When a beloved franchise loses its way like a misguided former child celebrity, it becomes the talk of the town. So when a classic franchise such as Final Fantasy lost its way in a maelstrom of poor decisions, including the most horrendous Free-to-Play scam devised on iOS and with its best game in years being a music themed retro love-letter, you know that there are legions of fans looking for that spark that made the franchise famous. After all, the games began as turn-based affairs, before revolutionising JRPGs forever with the ATB (Active Time Battle) mechanic. Fans will debate forever as to when that series lost its way, but is Bravely Default the game that restores Square Enix – the long usurped king of JRPGs, to the throne?
This RPG with a confusing name begins with a cataclysm. Four crystals are corrupted, meaning that the sea is decaying and the winds have died. Fires rage across the globe and great chasms abruptly open to swallow villages whole. Country bumpkin Tiz’s village is one of those to be consumed, killing his brother in the process. Upon his return to the site of his village after waking from a coma, he comes across a young girl named Agnés who turns out to be the vestal of wind – one of four maidens who look after the elemental crystals – and is pursued by an empire. They also come across a perverted amnesiac who calls himself Ringabel and sassy daughter of the Grand Admiral of Eternia Edea, as they journey to restore the world’s crystals from the plague they suffer.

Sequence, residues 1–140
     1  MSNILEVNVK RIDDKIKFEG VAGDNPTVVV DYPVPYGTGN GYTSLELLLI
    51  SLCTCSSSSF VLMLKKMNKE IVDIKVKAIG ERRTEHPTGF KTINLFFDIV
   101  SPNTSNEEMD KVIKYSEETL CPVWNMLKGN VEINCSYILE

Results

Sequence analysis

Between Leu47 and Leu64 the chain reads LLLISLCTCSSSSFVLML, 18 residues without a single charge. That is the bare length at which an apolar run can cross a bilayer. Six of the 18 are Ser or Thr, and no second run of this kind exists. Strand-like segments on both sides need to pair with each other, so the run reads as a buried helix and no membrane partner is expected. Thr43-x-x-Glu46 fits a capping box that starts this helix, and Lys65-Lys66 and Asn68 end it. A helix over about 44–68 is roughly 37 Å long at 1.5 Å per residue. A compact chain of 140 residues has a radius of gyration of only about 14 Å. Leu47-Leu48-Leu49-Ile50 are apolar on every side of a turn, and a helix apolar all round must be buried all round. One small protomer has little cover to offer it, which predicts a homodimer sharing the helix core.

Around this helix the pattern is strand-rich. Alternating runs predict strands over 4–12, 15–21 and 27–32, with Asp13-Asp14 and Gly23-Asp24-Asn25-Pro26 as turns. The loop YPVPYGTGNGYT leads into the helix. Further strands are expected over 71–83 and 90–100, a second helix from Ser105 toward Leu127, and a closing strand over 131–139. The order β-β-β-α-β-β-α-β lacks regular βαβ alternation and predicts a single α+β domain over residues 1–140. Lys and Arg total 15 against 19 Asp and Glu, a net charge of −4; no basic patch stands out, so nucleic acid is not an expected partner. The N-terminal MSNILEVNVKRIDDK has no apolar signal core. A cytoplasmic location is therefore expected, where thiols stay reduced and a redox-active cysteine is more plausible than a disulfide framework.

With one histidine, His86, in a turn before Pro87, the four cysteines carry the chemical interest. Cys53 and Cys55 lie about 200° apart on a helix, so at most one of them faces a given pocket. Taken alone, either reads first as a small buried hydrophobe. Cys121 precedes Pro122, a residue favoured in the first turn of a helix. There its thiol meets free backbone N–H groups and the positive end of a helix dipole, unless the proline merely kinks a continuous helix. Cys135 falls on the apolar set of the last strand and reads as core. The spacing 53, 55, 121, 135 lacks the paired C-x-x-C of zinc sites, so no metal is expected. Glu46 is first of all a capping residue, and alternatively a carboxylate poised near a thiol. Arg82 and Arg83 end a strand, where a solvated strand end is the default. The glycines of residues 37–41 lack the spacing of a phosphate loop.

While the overarching narrative wears its influence on its sleeve, after all this is pretty much a Final Fantasy game in all but name, each chapter’s scenario reveals alarming parallels with our current world. Themes such as extortion of the populace in order to renounce their former ways, or how tradition clashes with modern ideology are fascinating to see played out. One of the chapters is a little uncomfortable to watch, bringing out the most sinister series of sub-plots I’ve seen in a JRPG, but at the same time, the game nods that being uncomfortable is entirely the point. Our main protagonist is a bit of a drip, while the maiden in distress is your typical naive anime damsel; but it is Edea’s backchat and put-downs are a highlight however, synergising with Ringabel’s perverted nature nicely. Some other memorable characters round off a rich and diverse world you’ll wish to explore every nook and cranny. Not perfect by any means, but far from terrible.
You’ve got to be brave!
Bravely Default is named after two key abilities both you and your foes use in battle. To default here means to defend, but you can also store up BP (Brave Points) for future turns. Using Brave reduces your total Brave points for more actions in a single turn. What makes all the difference is you can take risks by sinking your BP count into negative figures in order to wail on an opponent. Enemies also use a range of tactics when it comes to their BP, with some defending until they’ve stored a massive amount to deal huge damage. It is refreshing to see turn-based RPG combat in such an updated way, even if the rest of the battle system feels strangely familiar.